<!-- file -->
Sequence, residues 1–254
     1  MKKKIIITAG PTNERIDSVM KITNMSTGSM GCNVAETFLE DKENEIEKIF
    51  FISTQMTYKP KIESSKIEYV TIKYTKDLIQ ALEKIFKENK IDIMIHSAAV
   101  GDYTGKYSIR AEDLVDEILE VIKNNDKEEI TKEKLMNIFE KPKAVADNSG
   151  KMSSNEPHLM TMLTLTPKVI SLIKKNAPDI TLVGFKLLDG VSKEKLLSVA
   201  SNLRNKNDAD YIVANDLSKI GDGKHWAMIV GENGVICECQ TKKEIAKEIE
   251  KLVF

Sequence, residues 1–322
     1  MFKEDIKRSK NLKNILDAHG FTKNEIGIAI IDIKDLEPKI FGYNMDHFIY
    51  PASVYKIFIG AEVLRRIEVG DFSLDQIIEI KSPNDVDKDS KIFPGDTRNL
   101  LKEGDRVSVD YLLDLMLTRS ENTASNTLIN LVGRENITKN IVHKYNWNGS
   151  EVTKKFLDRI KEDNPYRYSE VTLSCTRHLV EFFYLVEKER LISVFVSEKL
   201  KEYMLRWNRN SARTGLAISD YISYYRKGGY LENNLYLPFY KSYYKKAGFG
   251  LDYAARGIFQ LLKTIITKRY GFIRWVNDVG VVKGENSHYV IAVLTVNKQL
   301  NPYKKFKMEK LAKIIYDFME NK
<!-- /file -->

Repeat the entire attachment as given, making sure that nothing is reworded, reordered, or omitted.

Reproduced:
Sequence, residues 1–254
     1  MKKKIIITAG PTNERIDSVM KITNMSTGSM GCNVAETFLE DKENEIEKIF
    51  FISTQMTYKP KIESSKIEYV TIKYTKDLIQ ALEKIFKENK IDIMIHSAAV
   101  GDYTGKYSIR AEDLVDEILE VIKNNDKEEI TKEKLMNIFE KPKAVADNSG
   151  KMSSNEPHLM TMLTLTPKVI SLIKKNAPDI TLVGFKLLDG VSKEKLLSVA
   201  SNLRNKNDAD YIVANDLSKI GDGKHWAMIV GENGVICECQ TKKEIAKEIE
   251  KLVF

Sequence, residues 1–322
     1  MFKEDIKRSK NLKNILDAHG FTKNEIGIAI IDIKDLEPKI FGYNMDHFIY
    51  PASVYKIFIG AEVLRRIEVG DFSLDQIIEI KSPNDVDKDS KIFPGDTRNL
   101  LKEGDRVSVD YLLDLMLTRS ENTASNTLIN LVGRENITKN IVHKYNWNGS
   151  EVTKKFLDRI KEDNPYRYSE VTLSCTRHLV EFFYLVEKER LISVFVSEKL
   201  KEYMLRWNRN SARTGLAISD YISYYRKGGY LENNLYLPFY KSYYKKAGFG
   251  LDYAARGIFQ LLKTIITKRY GFIRWVNDVG VVKGENSHYV IAVLTVNKQL
   301  NPYKKFKMEK LAKIIYDFME NK